Hope she’s making a statement with her trilogy — although it looks like it’s gonna be a quadology soon — of books called the Bad Rep series. Girls and their Rock Stars…

Looks like it’s an interlinking series, or whatever they’re called. Same band. Different people, mostly. Readers like those, and so do I. You get to know everyone in the band, not just the couple from the one book, and when  you like the people in the band and their women, well, it makes for some good comfort reads.

One note from Susan, though. She caught typos in the book descriptions and wanted me to remind the world that her editing team is always glad to clean up a previously published book to get rid of those mistakes.

But who ever said Rockers are supposed to be literate?

Yeah, I’ve read more than my fair share of mistakes and bad English. I went through a stage where I read every single Danielle Steel I could get my hands on (and I’m not as old as Susan. My best friend’s mom had them around and when you’re twelve, they’re the best things ever). Yeah, I am over that part of my life. And yeah, I wish every author would use Susan as their editor so she’d stop bugging me and let me run this place the way I want to.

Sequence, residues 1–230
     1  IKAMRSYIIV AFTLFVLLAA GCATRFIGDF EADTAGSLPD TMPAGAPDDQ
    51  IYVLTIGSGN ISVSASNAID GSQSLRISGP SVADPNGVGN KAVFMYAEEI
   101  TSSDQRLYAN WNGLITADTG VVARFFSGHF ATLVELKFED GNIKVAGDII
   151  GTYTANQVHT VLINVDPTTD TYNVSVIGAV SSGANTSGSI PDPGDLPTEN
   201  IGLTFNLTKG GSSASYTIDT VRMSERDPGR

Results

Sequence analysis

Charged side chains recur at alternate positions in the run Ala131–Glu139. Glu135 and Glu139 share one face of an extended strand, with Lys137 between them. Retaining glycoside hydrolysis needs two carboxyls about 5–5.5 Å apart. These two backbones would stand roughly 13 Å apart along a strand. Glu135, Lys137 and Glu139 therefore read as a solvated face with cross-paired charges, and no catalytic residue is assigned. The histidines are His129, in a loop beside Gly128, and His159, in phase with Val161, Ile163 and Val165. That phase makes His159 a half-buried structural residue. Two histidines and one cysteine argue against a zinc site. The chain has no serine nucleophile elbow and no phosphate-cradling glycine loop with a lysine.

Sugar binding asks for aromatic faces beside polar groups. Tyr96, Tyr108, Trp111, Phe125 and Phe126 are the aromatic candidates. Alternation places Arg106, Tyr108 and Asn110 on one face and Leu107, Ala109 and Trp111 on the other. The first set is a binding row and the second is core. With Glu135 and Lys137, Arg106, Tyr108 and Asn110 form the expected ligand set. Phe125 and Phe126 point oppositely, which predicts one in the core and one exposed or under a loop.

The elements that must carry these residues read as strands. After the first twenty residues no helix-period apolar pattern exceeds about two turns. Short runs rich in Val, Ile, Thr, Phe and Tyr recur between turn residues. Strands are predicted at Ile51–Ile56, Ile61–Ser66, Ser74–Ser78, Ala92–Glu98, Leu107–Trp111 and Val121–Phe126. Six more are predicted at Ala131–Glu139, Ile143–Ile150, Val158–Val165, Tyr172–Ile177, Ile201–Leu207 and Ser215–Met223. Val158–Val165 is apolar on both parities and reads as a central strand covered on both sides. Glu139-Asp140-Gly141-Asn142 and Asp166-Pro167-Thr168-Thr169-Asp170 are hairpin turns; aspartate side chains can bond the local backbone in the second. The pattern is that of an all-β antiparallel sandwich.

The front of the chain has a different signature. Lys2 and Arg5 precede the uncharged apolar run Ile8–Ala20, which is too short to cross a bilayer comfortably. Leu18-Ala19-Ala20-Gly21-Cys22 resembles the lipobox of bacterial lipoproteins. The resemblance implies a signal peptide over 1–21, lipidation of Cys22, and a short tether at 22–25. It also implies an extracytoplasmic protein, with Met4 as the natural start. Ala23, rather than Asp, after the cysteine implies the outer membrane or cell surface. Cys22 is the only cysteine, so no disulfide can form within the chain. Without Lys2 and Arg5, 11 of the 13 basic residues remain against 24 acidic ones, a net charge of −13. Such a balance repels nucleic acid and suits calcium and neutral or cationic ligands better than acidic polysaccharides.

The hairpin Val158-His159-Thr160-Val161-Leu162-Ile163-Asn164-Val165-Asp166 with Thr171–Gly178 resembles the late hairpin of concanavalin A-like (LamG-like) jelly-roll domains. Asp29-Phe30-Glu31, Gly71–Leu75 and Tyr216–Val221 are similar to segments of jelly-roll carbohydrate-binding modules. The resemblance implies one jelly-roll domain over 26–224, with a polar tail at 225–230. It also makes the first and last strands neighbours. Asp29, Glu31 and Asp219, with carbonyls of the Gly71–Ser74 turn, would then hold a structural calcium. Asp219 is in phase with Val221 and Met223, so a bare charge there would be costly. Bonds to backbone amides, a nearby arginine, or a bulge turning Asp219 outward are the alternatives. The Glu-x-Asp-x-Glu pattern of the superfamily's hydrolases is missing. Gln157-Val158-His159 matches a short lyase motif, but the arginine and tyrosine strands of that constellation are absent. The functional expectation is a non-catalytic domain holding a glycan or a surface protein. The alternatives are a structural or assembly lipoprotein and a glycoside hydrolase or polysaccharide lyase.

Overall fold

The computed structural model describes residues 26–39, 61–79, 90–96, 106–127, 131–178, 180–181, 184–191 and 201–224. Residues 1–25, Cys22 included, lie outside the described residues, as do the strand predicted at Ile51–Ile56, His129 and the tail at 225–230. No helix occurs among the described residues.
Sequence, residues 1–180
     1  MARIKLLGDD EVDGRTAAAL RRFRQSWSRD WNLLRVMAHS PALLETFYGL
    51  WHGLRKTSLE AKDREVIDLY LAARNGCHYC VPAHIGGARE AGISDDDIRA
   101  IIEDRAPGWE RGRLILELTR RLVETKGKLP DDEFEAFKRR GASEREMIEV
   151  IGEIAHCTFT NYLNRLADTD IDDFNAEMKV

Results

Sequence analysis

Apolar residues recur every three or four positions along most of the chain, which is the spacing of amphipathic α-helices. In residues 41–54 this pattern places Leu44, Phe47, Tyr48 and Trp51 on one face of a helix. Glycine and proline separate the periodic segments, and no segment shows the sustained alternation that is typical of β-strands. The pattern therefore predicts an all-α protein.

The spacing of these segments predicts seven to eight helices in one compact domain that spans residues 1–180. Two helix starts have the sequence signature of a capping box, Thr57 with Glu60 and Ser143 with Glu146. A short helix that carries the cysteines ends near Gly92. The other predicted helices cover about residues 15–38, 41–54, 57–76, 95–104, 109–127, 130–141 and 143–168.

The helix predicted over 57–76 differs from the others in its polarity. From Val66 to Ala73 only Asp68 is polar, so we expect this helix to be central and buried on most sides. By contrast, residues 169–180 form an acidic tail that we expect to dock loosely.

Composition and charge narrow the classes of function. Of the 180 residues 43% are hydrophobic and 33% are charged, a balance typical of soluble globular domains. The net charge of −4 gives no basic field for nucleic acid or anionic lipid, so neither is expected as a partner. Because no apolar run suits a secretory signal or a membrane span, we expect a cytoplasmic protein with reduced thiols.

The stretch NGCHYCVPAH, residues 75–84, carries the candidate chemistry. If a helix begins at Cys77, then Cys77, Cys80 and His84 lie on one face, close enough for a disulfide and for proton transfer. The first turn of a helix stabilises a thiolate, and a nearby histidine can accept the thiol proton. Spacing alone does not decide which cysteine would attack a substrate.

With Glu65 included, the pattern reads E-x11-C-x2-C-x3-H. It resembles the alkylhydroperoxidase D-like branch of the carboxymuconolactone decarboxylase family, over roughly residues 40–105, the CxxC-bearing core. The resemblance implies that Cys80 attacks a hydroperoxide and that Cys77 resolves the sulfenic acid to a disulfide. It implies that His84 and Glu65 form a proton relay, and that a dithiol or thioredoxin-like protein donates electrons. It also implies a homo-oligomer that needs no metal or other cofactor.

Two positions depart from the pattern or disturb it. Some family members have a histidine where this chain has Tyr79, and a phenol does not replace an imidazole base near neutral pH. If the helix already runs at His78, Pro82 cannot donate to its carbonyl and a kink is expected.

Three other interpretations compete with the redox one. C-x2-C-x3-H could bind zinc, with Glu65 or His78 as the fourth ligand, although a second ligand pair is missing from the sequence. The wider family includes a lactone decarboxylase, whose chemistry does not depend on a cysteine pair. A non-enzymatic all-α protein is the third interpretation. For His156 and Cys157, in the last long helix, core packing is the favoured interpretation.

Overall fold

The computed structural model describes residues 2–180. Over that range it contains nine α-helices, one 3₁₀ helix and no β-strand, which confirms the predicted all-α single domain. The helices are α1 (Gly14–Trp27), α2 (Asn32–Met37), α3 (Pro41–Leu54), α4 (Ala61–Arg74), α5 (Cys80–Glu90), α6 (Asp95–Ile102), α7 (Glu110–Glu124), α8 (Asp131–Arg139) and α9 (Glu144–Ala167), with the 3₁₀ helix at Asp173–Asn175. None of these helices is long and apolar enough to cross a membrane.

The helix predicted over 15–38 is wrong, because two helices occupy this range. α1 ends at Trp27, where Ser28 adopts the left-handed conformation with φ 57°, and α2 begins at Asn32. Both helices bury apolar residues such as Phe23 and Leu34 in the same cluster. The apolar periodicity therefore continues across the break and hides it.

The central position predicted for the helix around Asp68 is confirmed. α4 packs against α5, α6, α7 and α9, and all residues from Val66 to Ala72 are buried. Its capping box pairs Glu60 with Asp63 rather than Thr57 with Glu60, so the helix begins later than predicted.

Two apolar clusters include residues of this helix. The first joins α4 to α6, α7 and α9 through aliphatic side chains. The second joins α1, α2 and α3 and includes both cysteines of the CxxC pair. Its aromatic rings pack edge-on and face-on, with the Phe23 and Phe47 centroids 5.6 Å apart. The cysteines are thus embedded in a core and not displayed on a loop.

Maybe the books aren’t that badly edited. They sure have a lot of potential.

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Ladies and gentlemen, we have a fresh plot! Check it!

The last thing marketing assistant Kayla Morgan expects to do on a Friday morning is give a tour of her emergency shelter to a flighty rock star. When her boss orders her to play nice, she acquiesces.

Sebastian Cox, lead singer of The U.K. Underground, finds the American bird with the bunker in her backyard more than wacky, but the band’s looking for a location to shoot their latest video.

When an earthquake strikes, the unlikely couple gets trapped and finds a few ways to keep themselves busy. Once reality sets in, will their differences leave them on shaky ground?

There is so much to say about this one, where do I start? How about this: Where’s the review copy???

 

Rocktober3avatar S REDI don’t usually write about an entire series in one fell swoop, but there’s a first time for everything, right? Besides, this saves me from having to type out four different posts.

The series is called Curves for the Rockstar, and from the description of the four really short books (more like stories than books), the curves aren’t the type I first thought. I figured it’d be more like this one, where the rocker goes through a bunch of different chicks.